MASSACHUETTS
Quivet Marsh/Crowes Pasture Acquisition. Massachusetts Department of Environmental Management will protect 386 acres with perpetual conservation easements on wetlands and adjacent uplands on the north shore of Cape Cod within the Towns of Dennis and Brewster. This area is designated as part of the Federal Coastal Barrier Resources System and is the largest remaining area of unprotected, undeveloped land on the Cape Cod coast.
Partners: Town of Brewster, Town of Dennis, The Compact of Cape Cod Conservation Trusts, Brewster Conservation Trust, Dennis Conservation Trust, Save the Crowe, Association for the Preservation of Cape Cod, Orenda Wildlife Land Trust, and two private landowners.
Coastal grant request: $1,000,000
State share: $ 500,000
Partner share: $6,267,750

Total cost:

$7,767,750
Sandy Neck/Barnstable Marsh Barrier Beach System Land Acquisition and Restoration. The Massachusetts Department of Environmental Management, in cooperation with the State’s Division of Marine Fisheries and the Massachusetts Wetlands Restoration Partnership, will purchase conservation restrictions on 75 acres of barrier beach frontage within the Sandy Neck Barrier Beach wetland complex bordering the north shore of Cape Cod. The towns of Sandwich and Barnstable will ultimately purchase the property. In addition, they will restore 40 acres of tidal saltmarsh by replacing an undersized culvert under a State highway to improve tidal exchange. The project site is in a State-designated Area of Critical Environmental Concern because it provides exceptional habitat for a diverse array of species. In conjunction with the project, the Barnstable Land Trust and the town of Sandwich will grant conservation restrictions to the state on an additional 244 acres.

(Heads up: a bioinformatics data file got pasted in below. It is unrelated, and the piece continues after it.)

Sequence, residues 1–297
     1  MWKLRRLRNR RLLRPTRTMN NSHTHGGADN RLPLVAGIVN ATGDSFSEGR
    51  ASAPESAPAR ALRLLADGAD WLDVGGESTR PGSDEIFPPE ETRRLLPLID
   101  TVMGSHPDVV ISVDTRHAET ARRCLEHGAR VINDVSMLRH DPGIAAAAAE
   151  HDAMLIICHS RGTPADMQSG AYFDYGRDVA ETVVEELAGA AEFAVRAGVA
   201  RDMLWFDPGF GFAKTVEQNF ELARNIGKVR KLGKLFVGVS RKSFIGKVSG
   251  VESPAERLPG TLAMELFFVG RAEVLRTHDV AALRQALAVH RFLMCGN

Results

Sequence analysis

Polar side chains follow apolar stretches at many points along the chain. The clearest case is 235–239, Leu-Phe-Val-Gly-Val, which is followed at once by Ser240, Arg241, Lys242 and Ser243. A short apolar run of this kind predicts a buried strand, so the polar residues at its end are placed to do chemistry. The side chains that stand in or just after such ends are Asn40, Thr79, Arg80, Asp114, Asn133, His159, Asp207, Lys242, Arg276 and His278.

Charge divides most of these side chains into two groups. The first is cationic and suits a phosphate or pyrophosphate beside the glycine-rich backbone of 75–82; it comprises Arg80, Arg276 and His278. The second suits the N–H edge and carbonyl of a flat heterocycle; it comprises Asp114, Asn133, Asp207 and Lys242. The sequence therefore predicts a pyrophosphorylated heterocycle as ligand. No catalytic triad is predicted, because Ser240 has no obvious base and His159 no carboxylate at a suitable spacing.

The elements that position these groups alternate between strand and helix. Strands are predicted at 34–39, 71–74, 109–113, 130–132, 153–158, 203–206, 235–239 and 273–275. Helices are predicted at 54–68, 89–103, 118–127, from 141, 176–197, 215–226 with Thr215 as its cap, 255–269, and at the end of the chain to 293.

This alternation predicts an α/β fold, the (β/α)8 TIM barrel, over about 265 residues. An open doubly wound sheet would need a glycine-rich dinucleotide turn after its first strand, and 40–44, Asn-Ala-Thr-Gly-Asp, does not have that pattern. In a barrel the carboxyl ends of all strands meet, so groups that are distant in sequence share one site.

Partners: Town of Barnstable, Town of Sandwich, The Nature Conservancy, Barnstable Land Trust, Massachusetts Corporate Wetlands Restoration Partnership, the National Oceanographic and Atmospheric Administration, and the Natural Resources Conservation Service.
Coastal grant request: $1,000,000
State share: $ 208,741
Partner share: $ 809,062

Total cost:

$2,017,803

 

NEW JERSEY

Cheesequake Marsh Acquisition. The New Jersey Department of Environmental Protection will acquire 234.5 acres in Middlesex County adjacent to Raritan Bay and 3.6 miles from New York City. A large number of migratory and wintering waterfowl depend on Raritan Bay mid-winter concentrations of waterfowl have average over 60,000 birds over the past 20 years. This parcel will be added to the existing 1,359-acre Cheesequake State Park.

Partners: American Littoral Society and the National Estuarine Research Reserve Program.
Coastal grant request: $ 999,000
State share: $3,000,000
Partner share: $1,001,000

Total cost:

$5,000,000

 

SOUTH CAROLINA

Protection of Maritime Forest, Islands and Hummocks in the Kaiwah River Environs. The Department of Natural Resources will purchase 4 acres and protect by conservation easements 1,111 acres of islands, dunes and wetlands in and near the Kiawah River in Charleston County. The project area falls within the Atlantic Coast Joint Venture Focus Area and addresses the objectives of 4 major migratory bird plans.

Partners: Kiawah Island Natural Habitat Conservancy, Kiawah Resort Associates, and Orange Hill Plantation, LLC.
Coastal grant request: $1,000,000
Partner share: $7,203,670

Total cost:

$8,203,670

 

TEXAS